Thus are drafted a whole class of "handmaids," whose function is to bear the children of the elite, to be fecund or else (else being certain death, sent out to be toxic-waste removers on outlying islands). The narrative frame for Atwood's dystopian vision is the hopeless private testimony of one of these surrogate mothers, Offred ("of" plus the name of her male protector). Lying cradled by the body of the barren wife, being meanwhile serviced by the husband, Offred's "ceremony" must be successful—if she does not want to join the ranks of the other disappeared (which include her mother, her husband—dead—and small daughter, all taken away during the years of revolt). One Of her only human conduits is a gradually developing affair with her master's chauffeur—something that's balanced more than offset, though, by the master's hypocritically un-Puritan use of her as a kind of B-girl at private parties held by the ruling men in a spirit of nostalgia and lust. This latter relationship, edging into real need (the master's), is very effectively done; it highlights the handmaid's (read Everywoman's) eternal exploitation, profane or sacred ("We are two-legged wombs, that's all: sacred vessels, ambulatory chalices"). Atwood, to her credit, creates a chillingly specific, imaginable night-mare. The book is short on characterization—this is Atwood, never a warm writer, at her steeliest—and long on cynicism—it's got none of the human credibility of a work such as Walker Percy's Love In The Ruins. But the scariness is visceral, a world that's like a dangerous and even fatal grid, an electrified fence.

Tinny perhaps, but still a minutely rendered and impressively steady feminist vision of apocalypse.

Pub Date: Feb. 17, 1985

ISBN: 038549081X

Page Count: -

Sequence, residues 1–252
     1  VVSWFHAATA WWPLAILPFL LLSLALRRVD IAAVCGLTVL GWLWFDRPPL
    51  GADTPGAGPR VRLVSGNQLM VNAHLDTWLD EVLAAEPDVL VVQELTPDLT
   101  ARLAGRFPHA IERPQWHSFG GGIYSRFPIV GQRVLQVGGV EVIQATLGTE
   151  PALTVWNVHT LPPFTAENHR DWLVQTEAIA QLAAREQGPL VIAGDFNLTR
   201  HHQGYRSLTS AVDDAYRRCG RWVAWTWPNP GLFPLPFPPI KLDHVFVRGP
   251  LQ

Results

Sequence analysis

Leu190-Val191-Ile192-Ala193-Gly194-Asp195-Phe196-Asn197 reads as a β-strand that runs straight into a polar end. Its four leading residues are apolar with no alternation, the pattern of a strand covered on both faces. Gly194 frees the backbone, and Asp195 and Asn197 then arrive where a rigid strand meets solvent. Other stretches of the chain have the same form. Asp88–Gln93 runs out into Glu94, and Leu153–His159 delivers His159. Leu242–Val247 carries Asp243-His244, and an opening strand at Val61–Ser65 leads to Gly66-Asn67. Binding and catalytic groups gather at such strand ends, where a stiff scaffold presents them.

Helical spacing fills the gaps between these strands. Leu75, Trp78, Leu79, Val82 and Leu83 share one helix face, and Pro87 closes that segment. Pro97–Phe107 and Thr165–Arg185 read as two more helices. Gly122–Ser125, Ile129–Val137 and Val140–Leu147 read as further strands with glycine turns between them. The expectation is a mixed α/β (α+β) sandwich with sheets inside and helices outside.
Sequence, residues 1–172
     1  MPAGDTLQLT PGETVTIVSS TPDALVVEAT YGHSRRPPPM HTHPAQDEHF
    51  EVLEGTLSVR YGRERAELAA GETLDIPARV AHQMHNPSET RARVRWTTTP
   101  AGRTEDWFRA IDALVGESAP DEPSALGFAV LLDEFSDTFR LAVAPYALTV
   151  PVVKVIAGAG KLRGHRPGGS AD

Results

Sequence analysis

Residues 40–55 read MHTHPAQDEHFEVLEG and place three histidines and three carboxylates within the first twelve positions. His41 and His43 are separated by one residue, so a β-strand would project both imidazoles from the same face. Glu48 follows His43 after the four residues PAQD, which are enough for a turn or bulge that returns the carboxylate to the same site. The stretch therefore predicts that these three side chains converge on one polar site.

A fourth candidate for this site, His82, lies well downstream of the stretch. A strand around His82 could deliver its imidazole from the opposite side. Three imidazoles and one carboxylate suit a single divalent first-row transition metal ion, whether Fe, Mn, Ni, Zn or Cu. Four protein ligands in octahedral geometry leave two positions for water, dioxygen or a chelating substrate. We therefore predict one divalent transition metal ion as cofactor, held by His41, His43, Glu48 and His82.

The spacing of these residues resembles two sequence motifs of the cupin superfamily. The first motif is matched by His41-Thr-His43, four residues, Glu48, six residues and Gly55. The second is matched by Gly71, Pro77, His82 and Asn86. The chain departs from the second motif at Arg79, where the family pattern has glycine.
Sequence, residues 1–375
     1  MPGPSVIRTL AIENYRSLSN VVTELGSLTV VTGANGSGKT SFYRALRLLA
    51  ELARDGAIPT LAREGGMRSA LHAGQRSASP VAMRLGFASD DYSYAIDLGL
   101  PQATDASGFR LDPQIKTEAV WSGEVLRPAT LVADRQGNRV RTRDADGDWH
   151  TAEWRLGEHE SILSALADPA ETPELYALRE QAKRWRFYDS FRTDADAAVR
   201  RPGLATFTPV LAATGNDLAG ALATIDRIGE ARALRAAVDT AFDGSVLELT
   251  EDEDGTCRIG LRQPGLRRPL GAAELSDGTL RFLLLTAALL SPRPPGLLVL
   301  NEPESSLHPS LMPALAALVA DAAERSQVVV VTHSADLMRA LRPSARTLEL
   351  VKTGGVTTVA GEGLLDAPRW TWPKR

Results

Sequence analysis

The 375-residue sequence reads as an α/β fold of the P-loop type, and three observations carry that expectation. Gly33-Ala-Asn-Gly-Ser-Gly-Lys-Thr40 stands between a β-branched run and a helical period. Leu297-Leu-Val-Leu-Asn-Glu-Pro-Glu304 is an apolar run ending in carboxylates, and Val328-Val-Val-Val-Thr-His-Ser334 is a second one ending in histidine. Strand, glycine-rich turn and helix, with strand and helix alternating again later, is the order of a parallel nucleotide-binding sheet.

Publisher: Houghton Mifflin

Review Posted Online: Sept. 16, 2011

Kirkus Reviews Issue: Jan. 15, 1985

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A modern day fable, with modern implications in a deceiving simplicity, by the author of Dickens. Dali and Others (Reynal & Hitchcock, p. 138), whose critical brilliance is well adapted to this type of satire. This tells of the revolt on a farm, against humans, when the pigs take over the intellectual superiority, training the horses, cows, sheep, etc., into acknowledging their greatness. The first hints come with the reading out of a pig who instigated the building of a windmill, so that the electric power would be theirs, the idea taken over by Napoleon who becomes topman with no maybes about it. Napoleon trains the young puppies to be his guards, dickers with humans, gradually instigates a reign of terror, and breaks the final commandment against any animal walking on two legs. The old faithful followers find themselves no better off for food and work than they were when man ruled them, learn their final disgrace when they see Napoleon and Squealer carousing with their enemies... A basic statement of the evils of dictatorship in that it not only corrupts the leaders, but deadens the intelligence and awareness of those led so that tyranny is inevitable. Mr. Orwell's animals exist in their own right, with a narrative as individual as it is apt in political parody.

Pub Date: Aug. 26, 1946

ISBN: 0452277507

Page Count: 114

Publisher: Harcourt, Brace

Review Posted Online: Nov. 2, 2011

Kirkus Reviews Issue: Aug. 1, 1946